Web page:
But overall, the Marine that had the most impact on me in the ‘Corps was Gunnery Sergeant Lowmaster, the NCOIC of my shop in H&MS-15, MAG-15 Forward, Task Force Delta during Linebacker I & II. He instilled confidence and proficiency in the Marines he oversaw. He knew how to bring out the best in us. He treated us with respect and expected the same. He led by integrity and example. More than once, I completed depot-level maintenance work at his request. I would have attempted anything Gunny Lowmaster would have requested and always to the best of my ability.
Master Sergeant Michael Bowman passed from this world on 1-17-2012, and Master Sergeant Roy Lowmaster passed from this world on 10-1-1986. They will forever live on in my heart and mind. Semper Fidelis
List the names of old friends you served with, at which locations, and recount what you remember most about them. Indicate those you are already in touch with and those you would like to make contact with.
Heartsill Raymond Dicks (Yogi). We met each other in ITR, roomed at NAS Memphis, and went through the same class. Our years found us crossing paths often and finally rooming together at MCAS Cherry Point, N.C. Lots of good memories with Yogi. He currently lives in Georgia, and I stay in contact.
Charles Schutz (Charlie). We served in the same shop together in the ‘Garden. We didn’t get to know each other well there, but we have become close friends since then. We have been to several reunions together with our wives and look forward to another one in 2022.
Dallas Ford Lawson. We served together in the ‘Garden. He was my best friend in the ‘Corps, and we continued our friendship after we both got out. I rotated back from the war before him and held his newborn son before he did. His family took a picture of me holding Marty and sent it to him. I would fly to the Blue Ridge Mountains each fall to spend a long weekend with him and his family. He passed from a stroke in 2017. His wife from a heart attack in 2020. His mom from a stroke in 2015. His dad from dementia and covid in 2021. I continue the friendship with his only son and family, who still live on the family farm in the Blue Ridge Mountains of Virginia. Almost heaven, country roads, take me home.
Sammy Chambless. We went through Bootcamp together in Platoon 2057, and both qualified experts with the M14A1 rifle helped our Platoon take the series at Edson Range. We saw each other again when I was processing thru Japan coming back to the ‘States from the war. We got together with our wives for a couple of days to celebrate our 50th Anniversary of graduating from MCRD San Diego and had the best time! He is a close friend and brother.
Can you recount a particular incident from your service, which may or may not have been funny at the time, but still makes you laugh?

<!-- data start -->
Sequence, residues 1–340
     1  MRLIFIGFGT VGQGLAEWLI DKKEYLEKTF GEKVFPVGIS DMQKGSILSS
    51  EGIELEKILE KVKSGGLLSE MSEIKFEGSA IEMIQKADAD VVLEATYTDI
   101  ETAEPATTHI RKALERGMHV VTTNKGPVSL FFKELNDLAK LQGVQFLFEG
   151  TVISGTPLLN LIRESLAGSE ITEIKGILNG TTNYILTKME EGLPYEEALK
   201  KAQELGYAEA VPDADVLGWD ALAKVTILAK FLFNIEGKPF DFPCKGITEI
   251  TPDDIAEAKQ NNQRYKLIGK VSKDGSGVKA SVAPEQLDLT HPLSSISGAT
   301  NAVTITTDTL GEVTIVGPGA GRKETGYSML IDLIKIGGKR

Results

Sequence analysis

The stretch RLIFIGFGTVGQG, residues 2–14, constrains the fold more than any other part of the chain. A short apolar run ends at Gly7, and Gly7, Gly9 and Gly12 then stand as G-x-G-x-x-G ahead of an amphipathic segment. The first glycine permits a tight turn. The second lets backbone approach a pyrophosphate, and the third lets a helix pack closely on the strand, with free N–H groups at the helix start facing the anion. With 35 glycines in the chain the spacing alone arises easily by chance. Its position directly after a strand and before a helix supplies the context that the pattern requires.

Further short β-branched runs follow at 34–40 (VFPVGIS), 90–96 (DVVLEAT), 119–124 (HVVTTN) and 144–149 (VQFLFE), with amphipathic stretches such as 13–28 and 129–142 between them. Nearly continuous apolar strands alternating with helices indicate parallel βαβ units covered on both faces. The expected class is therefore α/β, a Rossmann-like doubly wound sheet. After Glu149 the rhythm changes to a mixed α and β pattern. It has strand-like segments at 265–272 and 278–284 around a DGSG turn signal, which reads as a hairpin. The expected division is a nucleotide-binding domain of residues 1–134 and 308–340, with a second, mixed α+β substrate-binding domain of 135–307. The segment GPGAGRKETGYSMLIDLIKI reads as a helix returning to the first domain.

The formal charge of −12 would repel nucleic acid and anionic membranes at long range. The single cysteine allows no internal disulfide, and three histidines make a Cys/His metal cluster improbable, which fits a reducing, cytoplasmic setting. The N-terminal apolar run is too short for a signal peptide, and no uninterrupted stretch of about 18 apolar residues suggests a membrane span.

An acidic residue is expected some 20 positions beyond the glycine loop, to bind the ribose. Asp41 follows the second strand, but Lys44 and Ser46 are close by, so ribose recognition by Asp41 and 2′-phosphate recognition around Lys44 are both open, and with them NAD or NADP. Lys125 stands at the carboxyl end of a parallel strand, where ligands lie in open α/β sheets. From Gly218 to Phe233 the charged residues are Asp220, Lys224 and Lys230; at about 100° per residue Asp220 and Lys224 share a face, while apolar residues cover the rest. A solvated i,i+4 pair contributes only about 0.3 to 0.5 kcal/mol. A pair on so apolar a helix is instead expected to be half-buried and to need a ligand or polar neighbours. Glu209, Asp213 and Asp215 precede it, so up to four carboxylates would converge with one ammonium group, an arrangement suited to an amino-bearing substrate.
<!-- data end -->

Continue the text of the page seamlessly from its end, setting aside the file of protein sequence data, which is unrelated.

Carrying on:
Dallas and I were enjoying a brew in one of the slop chutes that had sprung up near the gate of our base. It might have been the Oasis, but I’m not sure. Brigadier General Taylor strolls in, Commanding Officer of Task Force Delta, and sits down at our small table. General Taylor has been partaking of brews pretty heavily, and none speak. He orders one and takes a few sips before laying his head on the table. Dallas and I are looking at each other and maintaining silence.
In rushes a Major, the General’s Orderly we supposed. He helps the General to his feet, and they proceed out of the facility. Dallas and I can’t suppress laughter any longer, and it goes on for a while when…in strolls General Taylor who…sits down at our table and…lays his head down, at which time he proceeds to go into a deep sleep. There is no Major in tow or insight in the minutes that lapse, so we finish our brews quietly and then proceed to walk back to our hooches while laughing the entire way.
What profession did you follow after your military service and what are you doing now? if you are currently serving, what is your present occupational specialty?
I knew I wanted to be an electrician since I was a youngster. That is what I did in the ‘Corps, which is what I did in the civilian world when I got out. My experience as an electrician in Marine Aviation crossed over nicely to construction work, and I went through a four-year apprenticeship when I left the ‘Corps. I retired from the International Brotherhood of Electrical Workers Local #124 as a foreman in commercial and industrial work. I held multiple Master’s Licenses and NICET Certifications.
What military associations are you a member of, if any? what specific benefits do you derive from your memberships?
In what ways has serving in the military influenced the way you have approached your life and your career? What do you miss most about your time in the service?
The Marine Corps has instilled in me a can-do attitude. I have an optimistic outlook on life and always attempt to lead by example. I understand that the only thing I actually have control of in this world is my attitude and action. Adapt, improvise, and overcome. I miss the comradeship I experienced in the ‘Corps that only comes from “pulling together”! Gung Ho!
Based on your own experiences, what advice would you give to those who have recently joined the Marine Corps?
Your life forever changes when you take the Oath, step on the Yellow Footprints, earn the Globe and Anchor and the Title Marine. I will forever be a Marine, and I earned the Title Marine, and the Oath I took had no expiration date. It is a wonderful Brotherhood that will last your entire lifetime. Semper Fidelis.
In what ways has togetherweserved.com helped you remember your military service and the friends you served with.
I enjoy reading the posted profiles and the potential to hunt down Marines I served with. The Brotherhood of Marines!